Call for Brazil referendum meets resistance
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President Dilma Rousseff has tried to quell protests with a call for ambitious political reforms, including a referendum on amending Brazil's constitution – a controversial move that already faces opposition from some lawmakers and jurists.
Opposition lawmakers and prominent judges and lawyers swiftly rejected President Dilma Rousseff’s call for a referendum on amending Brazil's constitution on Monday, while smaller protests against corruption, rising living costs and inadequate public services continued throughout the country.
Rousseff, who hails from the left-wing Workers Party, has tried to calm a huge wave of unrest that swept across the South American country last week, bringing out 1 million protesters at its peak on Thursday.
In meetings with protest leaders and with state governors Monday she unveiled plans for billions of dollars in new public spending, stiffer penalties for corruption, and a national vote that could lead to a new constitution – a move that may appease protesters, but which immediately met resistance from some groups.
“Why call a constituent assembly when only a political reform is needed? A constitutional reform could be contaminated by other issues that are not beneficial for Brazil,” the conservative senator José Agripino Maia told Agencia Brasil news agency.
Rousseff ‘deflecting cricitism’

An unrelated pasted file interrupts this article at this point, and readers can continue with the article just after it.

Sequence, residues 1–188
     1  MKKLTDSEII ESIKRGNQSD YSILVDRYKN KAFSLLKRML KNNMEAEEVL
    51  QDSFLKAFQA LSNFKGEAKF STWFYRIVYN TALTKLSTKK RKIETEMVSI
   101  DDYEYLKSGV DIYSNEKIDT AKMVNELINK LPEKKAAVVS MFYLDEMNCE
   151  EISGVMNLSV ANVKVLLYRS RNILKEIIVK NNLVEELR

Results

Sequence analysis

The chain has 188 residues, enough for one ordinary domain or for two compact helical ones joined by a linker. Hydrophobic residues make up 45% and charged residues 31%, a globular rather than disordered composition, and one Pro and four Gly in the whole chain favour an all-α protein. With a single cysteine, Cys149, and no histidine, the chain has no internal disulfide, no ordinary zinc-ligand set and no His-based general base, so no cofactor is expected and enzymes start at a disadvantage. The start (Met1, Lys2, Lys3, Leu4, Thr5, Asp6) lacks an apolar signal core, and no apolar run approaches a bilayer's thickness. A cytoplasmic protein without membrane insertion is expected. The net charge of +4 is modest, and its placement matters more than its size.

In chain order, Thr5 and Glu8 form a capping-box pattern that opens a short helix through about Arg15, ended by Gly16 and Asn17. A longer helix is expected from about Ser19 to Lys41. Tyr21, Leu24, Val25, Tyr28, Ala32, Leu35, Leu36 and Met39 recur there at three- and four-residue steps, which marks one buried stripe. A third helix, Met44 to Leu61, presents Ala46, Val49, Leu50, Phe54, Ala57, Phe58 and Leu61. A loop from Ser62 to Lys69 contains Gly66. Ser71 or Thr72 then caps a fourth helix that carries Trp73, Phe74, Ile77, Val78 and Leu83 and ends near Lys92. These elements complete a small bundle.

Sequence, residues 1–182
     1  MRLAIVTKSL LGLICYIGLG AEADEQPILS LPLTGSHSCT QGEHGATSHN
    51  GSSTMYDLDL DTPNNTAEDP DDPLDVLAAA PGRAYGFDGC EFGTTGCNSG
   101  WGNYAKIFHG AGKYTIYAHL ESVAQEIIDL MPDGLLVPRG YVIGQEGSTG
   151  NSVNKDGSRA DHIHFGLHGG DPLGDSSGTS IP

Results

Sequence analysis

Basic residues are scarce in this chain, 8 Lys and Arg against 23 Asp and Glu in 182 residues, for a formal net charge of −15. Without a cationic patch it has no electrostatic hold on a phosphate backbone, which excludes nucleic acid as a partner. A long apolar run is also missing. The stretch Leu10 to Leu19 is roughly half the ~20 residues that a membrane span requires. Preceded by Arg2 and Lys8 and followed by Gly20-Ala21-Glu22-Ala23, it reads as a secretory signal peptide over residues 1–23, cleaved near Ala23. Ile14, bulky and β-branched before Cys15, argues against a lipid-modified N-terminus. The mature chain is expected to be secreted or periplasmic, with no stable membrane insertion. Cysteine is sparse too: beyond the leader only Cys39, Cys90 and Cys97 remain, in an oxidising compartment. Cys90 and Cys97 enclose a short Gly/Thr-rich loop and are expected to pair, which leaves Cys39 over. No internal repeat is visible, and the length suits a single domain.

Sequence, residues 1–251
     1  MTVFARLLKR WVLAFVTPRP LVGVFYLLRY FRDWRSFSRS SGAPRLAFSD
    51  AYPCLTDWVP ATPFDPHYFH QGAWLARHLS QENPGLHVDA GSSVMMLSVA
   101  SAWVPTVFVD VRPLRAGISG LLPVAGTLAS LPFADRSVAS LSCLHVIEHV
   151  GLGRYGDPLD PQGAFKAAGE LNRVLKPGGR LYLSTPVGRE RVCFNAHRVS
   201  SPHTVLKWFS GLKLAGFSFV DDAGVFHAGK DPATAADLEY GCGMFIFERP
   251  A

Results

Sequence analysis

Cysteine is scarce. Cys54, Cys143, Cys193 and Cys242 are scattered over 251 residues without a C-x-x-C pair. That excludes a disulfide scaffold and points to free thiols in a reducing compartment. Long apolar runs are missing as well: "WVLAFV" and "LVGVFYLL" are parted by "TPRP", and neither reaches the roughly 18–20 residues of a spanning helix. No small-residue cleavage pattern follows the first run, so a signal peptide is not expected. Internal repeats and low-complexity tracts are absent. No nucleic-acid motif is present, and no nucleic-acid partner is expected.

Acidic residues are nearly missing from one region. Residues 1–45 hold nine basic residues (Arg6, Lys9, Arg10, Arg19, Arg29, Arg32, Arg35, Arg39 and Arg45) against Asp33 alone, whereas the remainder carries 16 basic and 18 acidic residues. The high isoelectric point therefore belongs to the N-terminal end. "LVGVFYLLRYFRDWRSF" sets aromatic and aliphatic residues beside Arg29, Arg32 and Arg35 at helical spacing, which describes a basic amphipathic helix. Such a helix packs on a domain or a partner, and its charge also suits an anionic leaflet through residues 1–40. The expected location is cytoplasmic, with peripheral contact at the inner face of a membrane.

Only lawmakers are allowed to call for a national referendum in Brazil, and some MPs blasted Rousseff for trying to lay blame on them amid the surge of popular discontent.
“[Rousseff] is trying to shift the attention off her, transferring her responsibility to Congress. In the same way she is transferring responsibility to states and cities to further lower fares of public transport,” said Aecio Neves, another senator from the main PSDB opposition party.
Top jurists and legal experts also questioned the wisdom of Rousseff’s proposed referendum.
Carlos Velloso, a former head of Brazil’s Supreme Federal Court, the equivalent of the Supreme Court in the United States, labelled the move “preposterous,” adding that there was no legal precedent for the kind of constitutional overhaul proposed by Rousseff.
“It’s a measure to fool the population that is demanding reform… the policy changes could be attained by a constitutional amendment,” Velloso told the online Jornal do Brasil daily.
Marcus Furtado, president of the Bar Association of Brazil (OAB), also said he was against calling a referendum on the constitution, telling the Estado de Sao Paulo newspaper that such an initiative “would waste a lot of energy on something that can be resolved without having to change the constitution.”
However, the head of the OAB chapter in the state of Sao Paulo, Marcos da Costa, said he backed Rousseff’s initiative.
Smaller protests continue
Meanwhile, protests on a smaller scale than those witnessed last week returned to some of Brazil’s cities on Monday.
In Rio de Janeiro, Brazilian dentists led a brief but noisy march behind a banner that read “public health should not be a business.”
Monday also saw 10,000 protesters in the southern city of Porto Alegre, 2,000 outside the state parliament in the northern city of Sao Luis, and 3,000 in the northern city of Belem, with a few scuffles with police and arrests reported.
Leaders of the Free Fare Movement that launched the protests more than a week ago said Rousseff was “unprepared” on the subject of public transport after a meeting with the president on Monday.
The group, which has been active for several years and calls for free public transport, said the president failed to provide details about how the 50 billion reais (€17 billion) she announced for improving public transport would be spent and promised to “continue the fight.”
Students in Rio de Janeiro were meeting on Tuesday to decide what protest actions could be taken in this final week of the Confederations Cup in Brazil.